If you’re wondering ‘Can I make a data breach claim in the UK?’ you may be doing so because you’ve been a victim of a data breach. In today’s world, where almost everything is digital, the risk of personal data being exposed or compromised has increased significantly. Fortunately, there are laws in place that protect personal data, and you may be entitled to compensation if your personal information has been exposed without your consent.
The unauthorised exposure of your personal data can cause harm, including financial loss, identity theft, and psychological distress. If you have suffered harm as a result of a data breach, you may be eligible to claim compensation.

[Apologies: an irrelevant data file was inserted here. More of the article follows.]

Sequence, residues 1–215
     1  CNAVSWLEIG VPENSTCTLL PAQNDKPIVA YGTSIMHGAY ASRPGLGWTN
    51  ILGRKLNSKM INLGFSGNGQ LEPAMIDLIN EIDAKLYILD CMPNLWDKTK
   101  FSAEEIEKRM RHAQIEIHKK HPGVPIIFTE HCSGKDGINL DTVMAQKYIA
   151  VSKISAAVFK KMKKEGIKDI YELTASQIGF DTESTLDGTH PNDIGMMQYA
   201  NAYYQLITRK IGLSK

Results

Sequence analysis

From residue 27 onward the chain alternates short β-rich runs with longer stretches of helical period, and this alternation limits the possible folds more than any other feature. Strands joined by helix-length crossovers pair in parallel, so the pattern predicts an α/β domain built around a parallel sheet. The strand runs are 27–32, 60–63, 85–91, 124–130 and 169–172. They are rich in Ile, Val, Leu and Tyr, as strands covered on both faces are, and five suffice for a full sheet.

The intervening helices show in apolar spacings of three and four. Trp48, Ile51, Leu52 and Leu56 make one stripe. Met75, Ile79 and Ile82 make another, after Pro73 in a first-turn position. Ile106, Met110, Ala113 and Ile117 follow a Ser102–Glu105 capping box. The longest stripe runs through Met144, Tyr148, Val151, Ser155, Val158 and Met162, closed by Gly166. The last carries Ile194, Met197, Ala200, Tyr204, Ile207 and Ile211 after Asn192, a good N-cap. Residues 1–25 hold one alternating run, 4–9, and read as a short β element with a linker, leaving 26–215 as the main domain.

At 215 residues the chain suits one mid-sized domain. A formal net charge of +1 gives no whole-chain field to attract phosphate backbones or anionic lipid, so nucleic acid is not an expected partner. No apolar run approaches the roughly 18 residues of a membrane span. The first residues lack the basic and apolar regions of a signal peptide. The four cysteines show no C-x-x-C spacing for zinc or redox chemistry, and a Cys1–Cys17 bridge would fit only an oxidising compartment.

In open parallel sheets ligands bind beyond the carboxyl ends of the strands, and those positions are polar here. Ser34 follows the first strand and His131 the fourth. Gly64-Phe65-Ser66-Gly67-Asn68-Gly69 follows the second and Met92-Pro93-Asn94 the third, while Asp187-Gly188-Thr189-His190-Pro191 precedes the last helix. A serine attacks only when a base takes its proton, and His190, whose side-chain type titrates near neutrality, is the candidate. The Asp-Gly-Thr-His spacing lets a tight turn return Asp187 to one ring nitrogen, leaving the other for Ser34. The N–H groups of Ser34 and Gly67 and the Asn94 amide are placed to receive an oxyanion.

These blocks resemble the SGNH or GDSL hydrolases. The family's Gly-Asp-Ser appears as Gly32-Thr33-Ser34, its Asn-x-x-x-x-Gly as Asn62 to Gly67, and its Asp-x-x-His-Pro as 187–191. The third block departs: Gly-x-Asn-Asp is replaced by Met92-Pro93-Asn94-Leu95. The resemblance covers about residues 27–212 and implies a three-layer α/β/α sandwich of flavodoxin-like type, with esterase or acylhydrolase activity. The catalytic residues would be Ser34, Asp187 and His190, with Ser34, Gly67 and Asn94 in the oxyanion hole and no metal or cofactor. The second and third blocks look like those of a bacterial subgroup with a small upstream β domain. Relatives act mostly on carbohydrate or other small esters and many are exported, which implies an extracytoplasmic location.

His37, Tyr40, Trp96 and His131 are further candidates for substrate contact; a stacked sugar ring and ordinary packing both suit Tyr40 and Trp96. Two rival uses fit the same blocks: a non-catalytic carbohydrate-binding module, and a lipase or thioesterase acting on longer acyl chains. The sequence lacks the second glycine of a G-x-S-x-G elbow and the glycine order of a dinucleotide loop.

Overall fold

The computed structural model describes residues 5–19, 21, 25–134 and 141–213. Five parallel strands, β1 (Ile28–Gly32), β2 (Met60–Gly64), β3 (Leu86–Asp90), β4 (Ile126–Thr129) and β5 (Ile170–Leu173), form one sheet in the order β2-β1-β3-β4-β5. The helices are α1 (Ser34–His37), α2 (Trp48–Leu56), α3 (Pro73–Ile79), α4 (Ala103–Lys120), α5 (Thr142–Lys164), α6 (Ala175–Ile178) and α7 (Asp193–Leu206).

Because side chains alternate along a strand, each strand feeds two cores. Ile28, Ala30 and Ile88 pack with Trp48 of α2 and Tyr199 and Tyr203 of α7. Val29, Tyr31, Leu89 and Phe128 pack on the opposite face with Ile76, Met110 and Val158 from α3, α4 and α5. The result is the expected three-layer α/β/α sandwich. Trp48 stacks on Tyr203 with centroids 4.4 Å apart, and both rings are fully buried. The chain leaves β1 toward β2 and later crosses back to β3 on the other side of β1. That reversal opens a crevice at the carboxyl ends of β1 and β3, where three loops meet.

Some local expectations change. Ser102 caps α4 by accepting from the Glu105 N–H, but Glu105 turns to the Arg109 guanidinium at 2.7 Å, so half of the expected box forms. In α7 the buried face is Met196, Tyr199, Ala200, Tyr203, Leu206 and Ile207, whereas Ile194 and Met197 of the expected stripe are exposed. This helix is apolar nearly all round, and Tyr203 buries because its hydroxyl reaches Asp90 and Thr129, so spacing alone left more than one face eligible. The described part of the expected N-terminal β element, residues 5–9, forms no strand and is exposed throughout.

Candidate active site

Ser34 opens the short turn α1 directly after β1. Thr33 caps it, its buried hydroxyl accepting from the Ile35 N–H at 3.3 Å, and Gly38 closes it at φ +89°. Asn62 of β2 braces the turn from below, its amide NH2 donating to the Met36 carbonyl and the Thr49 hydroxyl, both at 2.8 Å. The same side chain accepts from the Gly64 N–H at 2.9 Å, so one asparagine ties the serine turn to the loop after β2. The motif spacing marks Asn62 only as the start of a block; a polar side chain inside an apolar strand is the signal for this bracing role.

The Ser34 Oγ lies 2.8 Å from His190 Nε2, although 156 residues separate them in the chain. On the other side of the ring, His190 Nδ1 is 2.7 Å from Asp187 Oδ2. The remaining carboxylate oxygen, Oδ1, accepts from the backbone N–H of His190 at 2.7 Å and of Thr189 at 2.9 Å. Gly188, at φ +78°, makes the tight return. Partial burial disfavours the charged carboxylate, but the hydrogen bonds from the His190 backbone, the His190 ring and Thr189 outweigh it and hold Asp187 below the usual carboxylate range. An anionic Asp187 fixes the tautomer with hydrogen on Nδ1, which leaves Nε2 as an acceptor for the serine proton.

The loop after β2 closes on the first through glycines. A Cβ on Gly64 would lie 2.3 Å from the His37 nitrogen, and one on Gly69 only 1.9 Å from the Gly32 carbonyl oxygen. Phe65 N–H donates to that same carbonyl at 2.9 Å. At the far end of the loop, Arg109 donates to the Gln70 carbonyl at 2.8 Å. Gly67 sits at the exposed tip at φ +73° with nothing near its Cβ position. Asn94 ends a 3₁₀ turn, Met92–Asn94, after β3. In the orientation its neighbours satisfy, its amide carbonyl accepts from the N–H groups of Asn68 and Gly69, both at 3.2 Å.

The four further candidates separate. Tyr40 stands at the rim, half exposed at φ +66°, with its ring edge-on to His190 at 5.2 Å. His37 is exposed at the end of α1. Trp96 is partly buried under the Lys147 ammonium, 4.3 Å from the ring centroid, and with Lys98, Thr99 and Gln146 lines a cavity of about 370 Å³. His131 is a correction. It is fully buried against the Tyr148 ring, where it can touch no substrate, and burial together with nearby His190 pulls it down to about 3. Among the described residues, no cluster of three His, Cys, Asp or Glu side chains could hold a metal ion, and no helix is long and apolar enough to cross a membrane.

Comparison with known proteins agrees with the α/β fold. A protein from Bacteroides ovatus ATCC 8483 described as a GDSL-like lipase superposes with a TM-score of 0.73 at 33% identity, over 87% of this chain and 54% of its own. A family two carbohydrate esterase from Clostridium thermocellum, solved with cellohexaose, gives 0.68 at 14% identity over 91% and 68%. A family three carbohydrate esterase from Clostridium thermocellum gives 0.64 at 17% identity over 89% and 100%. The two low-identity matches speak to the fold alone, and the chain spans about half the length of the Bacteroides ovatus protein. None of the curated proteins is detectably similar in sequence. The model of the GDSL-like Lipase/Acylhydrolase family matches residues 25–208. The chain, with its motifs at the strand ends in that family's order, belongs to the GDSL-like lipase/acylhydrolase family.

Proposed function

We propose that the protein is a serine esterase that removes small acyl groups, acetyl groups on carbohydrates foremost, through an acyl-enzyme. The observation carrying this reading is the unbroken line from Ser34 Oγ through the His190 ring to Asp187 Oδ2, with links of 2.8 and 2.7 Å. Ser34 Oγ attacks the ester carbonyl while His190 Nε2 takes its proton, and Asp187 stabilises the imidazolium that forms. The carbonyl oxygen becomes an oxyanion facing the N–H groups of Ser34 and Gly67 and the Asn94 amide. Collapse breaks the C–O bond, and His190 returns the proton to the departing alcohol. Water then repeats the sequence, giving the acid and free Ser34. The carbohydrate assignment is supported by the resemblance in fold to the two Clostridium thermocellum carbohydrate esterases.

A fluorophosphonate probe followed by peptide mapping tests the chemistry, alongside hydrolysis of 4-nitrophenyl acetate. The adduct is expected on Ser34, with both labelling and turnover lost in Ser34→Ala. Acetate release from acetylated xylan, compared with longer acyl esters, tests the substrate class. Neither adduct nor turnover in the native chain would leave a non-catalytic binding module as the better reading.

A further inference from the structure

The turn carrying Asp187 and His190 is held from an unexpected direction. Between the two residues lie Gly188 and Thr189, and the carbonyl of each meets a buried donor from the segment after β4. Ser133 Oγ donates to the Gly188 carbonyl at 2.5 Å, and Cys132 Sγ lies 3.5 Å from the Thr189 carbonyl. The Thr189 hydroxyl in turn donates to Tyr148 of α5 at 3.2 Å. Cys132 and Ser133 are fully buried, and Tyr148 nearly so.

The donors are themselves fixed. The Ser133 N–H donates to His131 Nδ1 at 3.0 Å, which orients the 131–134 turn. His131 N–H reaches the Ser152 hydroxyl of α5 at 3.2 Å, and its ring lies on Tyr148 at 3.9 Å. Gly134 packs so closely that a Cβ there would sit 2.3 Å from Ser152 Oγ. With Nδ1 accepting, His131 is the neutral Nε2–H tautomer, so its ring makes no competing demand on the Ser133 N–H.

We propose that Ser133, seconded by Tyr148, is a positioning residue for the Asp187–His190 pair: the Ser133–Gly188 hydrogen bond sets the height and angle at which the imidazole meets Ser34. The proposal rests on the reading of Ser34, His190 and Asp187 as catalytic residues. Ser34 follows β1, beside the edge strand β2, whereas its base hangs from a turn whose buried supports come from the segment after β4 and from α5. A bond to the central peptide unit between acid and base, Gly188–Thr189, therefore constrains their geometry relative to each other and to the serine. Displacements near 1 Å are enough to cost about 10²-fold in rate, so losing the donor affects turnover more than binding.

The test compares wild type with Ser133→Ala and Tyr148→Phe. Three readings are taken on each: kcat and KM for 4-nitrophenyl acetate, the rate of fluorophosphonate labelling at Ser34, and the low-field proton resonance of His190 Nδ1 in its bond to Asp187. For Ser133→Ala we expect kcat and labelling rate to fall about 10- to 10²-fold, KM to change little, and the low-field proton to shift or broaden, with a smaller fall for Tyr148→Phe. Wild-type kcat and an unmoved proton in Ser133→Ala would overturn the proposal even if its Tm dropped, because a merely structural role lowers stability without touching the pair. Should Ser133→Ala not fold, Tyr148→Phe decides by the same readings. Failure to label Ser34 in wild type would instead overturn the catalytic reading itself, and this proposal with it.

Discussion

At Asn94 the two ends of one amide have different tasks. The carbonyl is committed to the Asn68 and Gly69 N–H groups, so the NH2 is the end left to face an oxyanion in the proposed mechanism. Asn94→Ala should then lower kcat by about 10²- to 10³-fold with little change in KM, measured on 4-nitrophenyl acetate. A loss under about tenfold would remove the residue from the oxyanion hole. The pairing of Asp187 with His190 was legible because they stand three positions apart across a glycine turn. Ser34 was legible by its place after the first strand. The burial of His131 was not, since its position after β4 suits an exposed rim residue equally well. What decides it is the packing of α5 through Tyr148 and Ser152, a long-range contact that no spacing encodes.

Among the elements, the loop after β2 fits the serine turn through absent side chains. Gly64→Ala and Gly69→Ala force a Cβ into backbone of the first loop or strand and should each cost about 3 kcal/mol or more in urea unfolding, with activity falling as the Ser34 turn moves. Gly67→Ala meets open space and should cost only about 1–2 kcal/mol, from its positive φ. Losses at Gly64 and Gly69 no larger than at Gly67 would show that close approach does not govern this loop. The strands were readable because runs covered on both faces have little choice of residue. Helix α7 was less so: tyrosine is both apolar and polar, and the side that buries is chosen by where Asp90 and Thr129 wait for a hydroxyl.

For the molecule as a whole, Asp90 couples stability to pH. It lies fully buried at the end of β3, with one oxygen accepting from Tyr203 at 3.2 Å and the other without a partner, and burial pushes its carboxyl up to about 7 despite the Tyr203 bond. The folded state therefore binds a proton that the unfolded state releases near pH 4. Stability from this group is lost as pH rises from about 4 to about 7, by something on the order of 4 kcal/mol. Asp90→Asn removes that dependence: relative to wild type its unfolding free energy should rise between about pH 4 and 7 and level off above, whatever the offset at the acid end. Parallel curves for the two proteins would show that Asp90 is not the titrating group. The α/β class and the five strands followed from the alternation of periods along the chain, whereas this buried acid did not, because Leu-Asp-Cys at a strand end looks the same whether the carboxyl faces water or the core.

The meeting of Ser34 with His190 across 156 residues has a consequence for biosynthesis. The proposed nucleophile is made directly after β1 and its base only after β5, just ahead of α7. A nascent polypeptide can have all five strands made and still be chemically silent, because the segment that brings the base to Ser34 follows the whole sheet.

This guide will explain the eligibility criteria for claiming data breach compensation in the UK and will give you some guidance on how to begin data breach claims. It will provide you with a clear understanding of the process involved in making a data breach claim, including the evidence you will need to support your claim.
If you think you may have a data breach claim, don’t hesitate to read on and contact an advisor if you have any questions or would like to begin a No Win No Fee claim. Your personal data is valuable, and you have a right to be compensated for any harm caused by its unauthorised exposure.
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What Is A Data Breach Claim In The UK?